Summary: New research uncovered that the phases of a heartbeat significantly influence brain and motor system excitability.
The study utilized transcranial magnetic stimulation (TMS) on 37 healthy volunteers to observe changes in cortical and corticospinal excitability across the cardiac cycle. They found heightened excitability during the systolic phase, when blood vessels are distended.
This discovery could revolutionize treatments for depression and stroke by aligning them with the cardiac cycle for enhanced effectiveness.
Brain and motor system excitability varies with the cardiac cycle, being higher during the systolic phase.
The study used TMS to stimulate nerve cells in synchronization with heartbeats, revealing a significant brain-heart connection.
These findings offer potential for fine-tuning treatments like TMS for depression and stroke recovery, based on cardiac activity.
Optimal windows exist for action and perception during the 0.8 seconds of a heartbeat, according to research published November 28th in the open access journal PLOS Biology.
The sequence of contraction and relaxation is linked to changes in the motor system and its ability to respond to stimulation, and this could have implications for treatments for depression and stroke that excite nerve cells.
The ways in which we perceive and engage with the world are influenced by internal bodily processes such as heartbeats, respiration and digestion. Cardiac activity can influence auditory and visual perception, and touch and sensory perceptions have been shown to be impaired during the systolic phase of the cardiac cycle when blood vessels are briefly distended.
Esra Al of the Max Planck Institute for Human Cognitive and Brain Sciences, Germany, and colleagues, wanted to understand whether there were changes in cortical and corticospinal excitability — the ability to respond to stimuli — across the cardiac cycle. 37 healthy human volunteers aged between 18 and 40 years received a series of transcranial magnetic stimulation (TMS) pulses — non-invasive short magnetic pulses that stimulate nerve cells — above the right side of the brain.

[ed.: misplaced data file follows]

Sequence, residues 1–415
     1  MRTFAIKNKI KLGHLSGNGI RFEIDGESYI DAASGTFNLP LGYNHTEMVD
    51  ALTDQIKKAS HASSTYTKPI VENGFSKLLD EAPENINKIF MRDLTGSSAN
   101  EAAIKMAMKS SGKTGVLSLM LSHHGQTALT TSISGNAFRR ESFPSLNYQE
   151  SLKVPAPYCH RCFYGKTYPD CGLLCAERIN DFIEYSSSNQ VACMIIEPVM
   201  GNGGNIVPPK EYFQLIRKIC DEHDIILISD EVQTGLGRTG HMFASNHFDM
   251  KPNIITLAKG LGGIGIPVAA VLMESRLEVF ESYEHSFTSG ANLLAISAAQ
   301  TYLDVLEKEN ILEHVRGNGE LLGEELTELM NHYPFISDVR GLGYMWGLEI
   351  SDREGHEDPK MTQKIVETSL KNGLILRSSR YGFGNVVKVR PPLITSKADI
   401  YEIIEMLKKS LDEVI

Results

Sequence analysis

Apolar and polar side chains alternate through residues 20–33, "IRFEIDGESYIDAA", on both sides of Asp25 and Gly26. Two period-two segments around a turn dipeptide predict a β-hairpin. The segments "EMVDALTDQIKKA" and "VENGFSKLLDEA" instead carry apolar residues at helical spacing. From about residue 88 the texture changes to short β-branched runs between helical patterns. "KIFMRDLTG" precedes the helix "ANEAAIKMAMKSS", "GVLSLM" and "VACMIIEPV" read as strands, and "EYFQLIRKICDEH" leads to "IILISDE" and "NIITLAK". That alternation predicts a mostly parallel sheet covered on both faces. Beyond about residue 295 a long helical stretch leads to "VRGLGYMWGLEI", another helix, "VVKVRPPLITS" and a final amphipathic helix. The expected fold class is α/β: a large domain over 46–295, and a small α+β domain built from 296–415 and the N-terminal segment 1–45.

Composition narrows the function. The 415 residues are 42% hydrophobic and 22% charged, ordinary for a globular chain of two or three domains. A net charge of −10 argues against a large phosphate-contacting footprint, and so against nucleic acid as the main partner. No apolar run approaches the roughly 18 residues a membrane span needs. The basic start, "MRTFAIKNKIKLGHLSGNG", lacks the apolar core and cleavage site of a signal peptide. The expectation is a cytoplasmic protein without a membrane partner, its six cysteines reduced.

Motor and cortical responses as well as heartbeats were measured during the pulses and the authors found that higher excitability was recorded during the systolic phase. These simultaneous recordings of brain activity, heart activity, and muscle activity, suggest the timing of heartbeats and their neural processing are linked to changes in the excitability of the motor system.
TMS is used in treatments for depression and recovery after stroke. The research raises questions about whether these could be fine-tuned to improve results, as well as contributing to a greater understanding of brain-body interactions in health and in disease.
The authors add, “Intriguingly, this study uncovers a remarkable connection between the human heart and brain, revealing distinct time windows tailored for action and perception.”
About this neuroscience research news
Author: Claire Turner Source: PLOS Contact: Claire Turner – PLOS Image: The image is credited to Neuroscience News
Cardiac activity impacts cortical motor excitability
Human cognition and action can be influenced by internal bodily processes such as heartbeats. For instance, somatosensory perception is impaired both during the systolic phase of the cardiac cycle and when heartbeats evoke stronger cortical responses.
Here, we test whether these cardiac effects originate from overall changes in cortical excitability.
Cortical and corticospinal excitability were assessed using electroencephalographic and electromyographic responses to transcranial magnetic stimulation while concurrently monitoring cardiac activity with electrocardiography.
Cortical and corticospinal excitability were found to be highest during systole and following stronger neural responses to heartbeats. Furthermore, in a motor task, hand–muscle activity and the associated desynchronization of sensorimotor oscillations were stronger during systole.
These results suggest that systolic cardiac signals have a facilitatory effect on motor excitability—in contrast to sensory attenuation that was previously reported for somatosensory perception. Thus, it is possible that distinct time windows exist across the cardiac cycle, optimizing either perception or action.